I've read two good articles recently about how Cliff Lee has had an advantage over Roy Halladay and almost every other AL starter this year -- the quality of the hitters he's faced has been extremely low.
From Batters Box users Magpie and zepelinkm:
Anyway, the overall impact is truly striking - Halladay has pitched against somewhat better offenses (his opponents have averaged 4.81 runs per game, Lee's have averaged 4.58 runs per game.) But Doc has pitched far more often against better teams, not just teams who score more runs, and he's generally been matched up against better starting pitchers. It's not particularly close, especially when it comes to being matched up against the very best teams in the game.
From Joe Sheehan at Baseball Prospectus:
Let me run the data this way, because I think it illustrates the point. The following numbers are the team EqA ranks for each not-in-common opponent, highest to lowest.
Halladay: 3, 4, 4, 4, 9, 9, 9, 11, 11, 14, 14, 14, 14, 17, 18, 18
Lee: 7, 7, 7, 12, 13, 13, 21, 22, 22, 25, 26, 27, 28, 28, 28
I think there's a more direct way to look at the disparity of offenses faced by the two pitchers, however, using BPro's Pitchers' Quality of Batters Faced stats report. The average OPS of hitters faced by Roy Halladay (weighting their OPS's by number of plate appearances against him) is .766. Cliff Lee's hitters are at .731. That's a .035 point difference in OPS, which over approximately 800 batters faced is worth five runs -- a .050 point difference in OPS over 600 PAs is approximately five runs, given the same OBP/SLG profile.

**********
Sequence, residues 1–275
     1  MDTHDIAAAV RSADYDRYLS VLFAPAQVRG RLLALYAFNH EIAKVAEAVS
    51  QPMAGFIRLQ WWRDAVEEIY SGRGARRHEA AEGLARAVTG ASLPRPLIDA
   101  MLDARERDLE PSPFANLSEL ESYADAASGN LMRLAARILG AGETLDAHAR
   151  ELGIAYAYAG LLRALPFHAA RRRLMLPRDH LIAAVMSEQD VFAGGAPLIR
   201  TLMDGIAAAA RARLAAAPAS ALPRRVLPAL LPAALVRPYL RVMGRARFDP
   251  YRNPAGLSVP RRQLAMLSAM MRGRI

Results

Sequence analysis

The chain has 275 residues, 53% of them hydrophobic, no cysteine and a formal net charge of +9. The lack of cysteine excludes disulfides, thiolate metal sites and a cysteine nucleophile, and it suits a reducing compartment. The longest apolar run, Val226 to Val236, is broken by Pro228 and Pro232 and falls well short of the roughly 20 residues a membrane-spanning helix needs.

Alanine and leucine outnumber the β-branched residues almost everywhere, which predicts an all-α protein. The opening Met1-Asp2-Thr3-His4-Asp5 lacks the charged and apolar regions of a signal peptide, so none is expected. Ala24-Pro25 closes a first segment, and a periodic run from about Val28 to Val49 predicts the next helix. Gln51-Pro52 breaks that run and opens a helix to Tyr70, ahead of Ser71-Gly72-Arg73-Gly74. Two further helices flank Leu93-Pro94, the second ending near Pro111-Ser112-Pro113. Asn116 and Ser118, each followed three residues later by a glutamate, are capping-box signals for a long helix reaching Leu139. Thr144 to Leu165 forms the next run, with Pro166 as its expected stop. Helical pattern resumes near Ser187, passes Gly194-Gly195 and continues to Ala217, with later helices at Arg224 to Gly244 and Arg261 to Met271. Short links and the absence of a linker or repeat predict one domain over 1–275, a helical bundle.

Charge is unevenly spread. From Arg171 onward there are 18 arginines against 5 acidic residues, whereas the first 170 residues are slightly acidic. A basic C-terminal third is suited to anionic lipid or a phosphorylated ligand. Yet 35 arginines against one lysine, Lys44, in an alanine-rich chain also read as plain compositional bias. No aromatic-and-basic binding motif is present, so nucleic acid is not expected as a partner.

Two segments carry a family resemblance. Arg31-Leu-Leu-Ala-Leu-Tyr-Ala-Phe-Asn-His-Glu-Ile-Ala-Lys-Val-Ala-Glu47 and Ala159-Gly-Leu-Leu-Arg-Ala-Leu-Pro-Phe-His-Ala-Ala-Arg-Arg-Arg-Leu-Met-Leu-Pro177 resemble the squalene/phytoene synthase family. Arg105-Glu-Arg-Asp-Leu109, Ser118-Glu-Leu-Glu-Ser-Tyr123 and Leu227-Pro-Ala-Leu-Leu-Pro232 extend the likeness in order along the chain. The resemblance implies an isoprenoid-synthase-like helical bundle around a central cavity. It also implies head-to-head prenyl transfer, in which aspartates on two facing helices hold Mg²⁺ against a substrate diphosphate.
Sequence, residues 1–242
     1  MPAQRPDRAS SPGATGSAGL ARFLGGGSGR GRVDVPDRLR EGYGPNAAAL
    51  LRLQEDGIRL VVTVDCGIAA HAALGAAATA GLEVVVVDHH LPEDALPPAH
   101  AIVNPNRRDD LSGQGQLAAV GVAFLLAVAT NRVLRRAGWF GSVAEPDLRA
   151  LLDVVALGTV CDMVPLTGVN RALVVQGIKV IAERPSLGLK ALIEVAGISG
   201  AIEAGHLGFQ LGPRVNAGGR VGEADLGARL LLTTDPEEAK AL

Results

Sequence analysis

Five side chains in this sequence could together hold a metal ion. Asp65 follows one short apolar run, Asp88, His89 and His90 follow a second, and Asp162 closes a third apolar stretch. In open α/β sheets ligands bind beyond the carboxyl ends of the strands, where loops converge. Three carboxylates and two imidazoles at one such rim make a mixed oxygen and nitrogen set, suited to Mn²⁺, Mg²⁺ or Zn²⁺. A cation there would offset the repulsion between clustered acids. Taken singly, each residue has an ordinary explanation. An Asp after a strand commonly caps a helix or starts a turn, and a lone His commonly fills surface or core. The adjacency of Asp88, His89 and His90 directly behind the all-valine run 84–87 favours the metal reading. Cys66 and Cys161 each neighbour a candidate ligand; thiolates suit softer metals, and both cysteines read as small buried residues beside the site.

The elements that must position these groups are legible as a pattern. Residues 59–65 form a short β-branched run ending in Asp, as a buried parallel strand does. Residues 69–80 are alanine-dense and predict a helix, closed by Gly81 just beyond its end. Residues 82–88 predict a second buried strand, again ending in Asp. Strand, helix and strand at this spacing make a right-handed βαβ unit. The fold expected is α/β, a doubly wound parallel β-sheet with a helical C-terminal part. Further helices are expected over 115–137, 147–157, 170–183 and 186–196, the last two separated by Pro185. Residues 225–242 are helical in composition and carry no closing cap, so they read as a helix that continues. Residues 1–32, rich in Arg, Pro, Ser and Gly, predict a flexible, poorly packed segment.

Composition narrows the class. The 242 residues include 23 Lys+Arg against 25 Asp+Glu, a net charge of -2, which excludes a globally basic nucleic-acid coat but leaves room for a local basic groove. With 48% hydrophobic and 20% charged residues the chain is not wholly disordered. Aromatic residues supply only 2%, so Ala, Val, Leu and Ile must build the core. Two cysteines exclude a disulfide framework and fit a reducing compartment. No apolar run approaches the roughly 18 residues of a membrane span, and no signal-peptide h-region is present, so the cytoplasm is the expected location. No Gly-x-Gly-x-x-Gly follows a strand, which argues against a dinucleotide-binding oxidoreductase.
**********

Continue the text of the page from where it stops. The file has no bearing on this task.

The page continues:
Okay, so how much does five runs matter? Well, it's about half a win for a team. But on the individual scale, over Cliff Lee's 200 innings, five extra runs would bump his ERA up from 2.28 to 2.51. Or removing five runs from Halladay's 2.64 ERA over 220 innings would cut his ERA down to 2.43. In other words, Lee's advantage over Halladay in ERA nearly disappears.
Finally, and without much commentary, here's how the two pitchers compare in a number of non-traditional metrics (before applying the above adjustment, naturally):
Halladay's innings advantage counters Lee's FIP advantage and they split the xFIP and tRA battles. One of these guys won't win the Cy Young award, but was just as good as the one who will win it. Can the BBWAA hand out two awards this year and forget about third place?